Chapter 3: Tables of Data

In this class, we started out talking about how characters were represented on the computer, and how that choice (e.g., between ASCII and Unicode) can be a barrier to some people’s access to computing. We considered how computers might recognize and generate sentences, and about the challenges of understanding different dialects of English with the same language model. We then moved to the Internet and the Web, tracing its history and how grounded it was in English and male culture (e.g., the history of BASIC at Dartmouth). We wrote programs to pull data out of the Web (e.g., pulling out URLs and web-scraping) and to generate HTML for the Web. In this latest section of the course, we have written programs to analyze data from the Web.

Section 1: Billionaires

In this class, we have been writing Snap programs to take apart and analyze CSV files. In this ebook, we’ll be using the databases and blocks found in the Database Microworld with Titanic project. For example, here’s a script that selects the billionaires from 2014, sorts those billionaires in terms of their rank (in column B), then selects just the names.


The list is long – 16543 names. We can get Snap to show us all of them. Here’s what the top of that list looks like.


We can also describe the same script as a pipe where the billionaires are first selected, then sorted, and then the names selected out.


The SQL Version

In the database world, these kinds of queries are typically written in SQL, which stands for Structured Query Language. SQL is a domain-specific languages for managing data in tables. A database table is different than a CSV file. One difference is that columns in a database table usually have a type. You might store numbers in one column, dates in another, and text in yet another. Once set up, you may not put text in a column that can only hold numbers. Click ‘Run’ to generate a random sentence.

Database tables can be set up to have indices. An index (which can be one variable or a set of variables) should be unique for each row of a database. For example, an ID number associated with a customer or office could be an index. Access via an index is especially fast, much faster than searching the CSV table for information.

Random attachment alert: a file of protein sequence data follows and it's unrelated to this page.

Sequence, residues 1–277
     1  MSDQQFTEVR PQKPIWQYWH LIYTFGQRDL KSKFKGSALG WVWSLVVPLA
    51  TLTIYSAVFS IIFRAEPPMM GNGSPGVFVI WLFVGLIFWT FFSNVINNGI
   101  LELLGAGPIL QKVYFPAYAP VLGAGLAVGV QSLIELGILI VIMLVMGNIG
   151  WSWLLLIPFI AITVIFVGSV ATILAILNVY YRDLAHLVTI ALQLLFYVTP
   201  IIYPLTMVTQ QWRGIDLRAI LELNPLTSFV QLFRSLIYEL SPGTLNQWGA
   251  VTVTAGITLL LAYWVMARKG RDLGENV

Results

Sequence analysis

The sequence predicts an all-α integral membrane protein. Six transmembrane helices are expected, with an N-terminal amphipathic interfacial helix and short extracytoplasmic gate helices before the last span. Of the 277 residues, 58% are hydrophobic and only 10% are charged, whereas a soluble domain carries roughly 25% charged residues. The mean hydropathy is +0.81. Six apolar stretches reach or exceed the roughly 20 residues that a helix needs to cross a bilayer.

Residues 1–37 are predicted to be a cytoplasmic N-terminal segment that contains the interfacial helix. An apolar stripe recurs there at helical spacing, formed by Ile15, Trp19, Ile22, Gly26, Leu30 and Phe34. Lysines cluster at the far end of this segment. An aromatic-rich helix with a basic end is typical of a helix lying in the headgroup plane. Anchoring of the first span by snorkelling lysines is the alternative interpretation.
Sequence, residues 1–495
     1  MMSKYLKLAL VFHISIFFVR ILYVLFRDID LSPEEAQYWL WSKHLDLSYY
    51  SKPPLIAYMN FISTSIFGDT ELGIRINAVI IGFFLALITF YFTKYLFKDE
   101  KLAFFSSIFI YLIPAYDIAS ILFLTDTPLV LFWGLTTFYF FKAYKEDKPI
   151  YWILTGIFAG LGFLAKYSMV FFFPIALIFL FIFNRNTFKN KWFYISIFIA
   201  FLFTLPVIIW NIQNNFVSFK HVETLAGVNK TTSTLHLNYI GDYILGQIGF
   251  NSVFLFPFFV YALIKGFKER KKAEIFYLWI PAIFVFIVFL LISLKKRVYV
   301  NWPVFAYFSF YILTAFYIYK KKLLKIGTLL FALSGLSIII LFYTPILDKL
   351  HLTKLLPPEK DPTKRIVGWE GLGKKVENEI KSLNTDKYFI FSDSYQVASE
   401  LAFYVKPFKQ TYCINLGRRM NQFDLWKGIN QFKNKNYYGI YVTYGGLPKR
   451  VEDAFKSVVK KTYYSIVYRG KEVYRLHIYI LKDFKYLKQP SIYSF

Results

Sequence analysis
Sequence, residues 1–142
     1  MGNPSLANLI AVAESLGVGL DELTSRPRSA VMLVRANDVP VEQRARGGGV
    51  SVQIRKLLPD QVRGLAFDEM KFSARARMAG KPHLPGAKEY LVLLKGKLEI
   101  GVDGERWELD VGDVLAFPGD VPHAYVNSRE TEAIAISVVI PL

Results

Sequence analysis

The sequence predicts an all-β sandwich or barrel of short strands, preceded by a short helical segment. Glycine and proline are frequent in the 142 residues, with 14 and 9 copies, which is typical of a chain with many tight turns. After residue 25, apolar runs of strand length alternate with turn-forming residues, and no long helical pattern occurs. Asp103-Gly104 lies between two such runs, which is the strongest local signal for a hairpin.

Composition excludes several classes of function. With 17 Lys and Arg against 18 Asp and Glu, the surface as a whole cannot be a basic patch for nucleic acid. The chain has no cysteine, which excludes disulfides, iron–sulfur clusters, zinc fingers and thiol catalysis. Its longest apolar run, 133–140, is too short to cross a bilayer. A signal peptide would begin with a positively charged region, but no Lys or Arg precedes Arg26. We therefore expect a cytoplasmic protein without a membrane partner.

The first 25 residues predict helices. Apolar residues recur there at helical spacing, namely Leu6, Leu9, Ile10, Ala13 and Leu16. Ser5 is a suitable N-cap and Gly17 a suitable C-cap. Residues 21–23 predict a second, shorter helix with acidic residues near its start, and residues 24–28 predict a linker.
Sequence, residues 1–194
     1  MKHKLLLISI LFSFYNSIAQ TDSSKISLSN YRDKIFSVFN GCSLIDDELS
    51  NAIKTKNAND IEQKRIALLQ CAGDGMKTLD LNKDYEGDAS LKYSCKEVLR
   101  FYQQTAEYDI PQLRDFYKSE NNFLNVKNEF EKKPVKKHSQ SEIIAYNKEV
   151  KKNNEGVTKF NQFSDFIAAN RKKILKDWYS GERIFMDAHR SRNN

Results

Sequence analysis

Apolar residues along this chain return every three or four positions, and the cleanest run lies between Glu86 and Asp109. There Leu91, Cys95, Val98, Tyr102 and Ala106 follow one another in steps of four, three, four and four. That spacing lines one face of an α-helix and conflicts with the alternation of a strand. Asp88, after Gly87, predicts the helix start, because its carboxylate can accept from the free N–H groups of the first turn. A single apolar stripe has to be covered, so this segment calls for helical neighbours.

Here is the SQL code that does the same thing as the Snap programs above. Click the Run button to execute it.

Try answering these questions about the code above.

Section 2: Titanic

You may remember that we also did several analyses with the list of passengers on the Titanic. For example, here is a grouping by passenger class. This is how many there were in each class:


In this second example, we can first select by whether or not the passengers survived, and then group by class.


Computing the average for each class is left for you to do.

Here are each of these analyses, in SQL. Press Run to execute each of them.

The SQL Versions

Here are some questions about each of these:

Names on the Titanic

One of the more interesting analyses that we did with the Titanic data was to look at the most common first names of men vs. women.


This turns out to be much more difficult in SQL. SQL can generate substrings, but it can’t easiliy split by word. The Snap version is splitting by wording, then grouping and sorting the result.

Here’s an example that’s getting close – picking out the first three characters from all male names on the Titanic.

Now, we can see adults (“Mr.”) vs children (“Mas” for “Master”). But there’s not an easy way of getting the second word.

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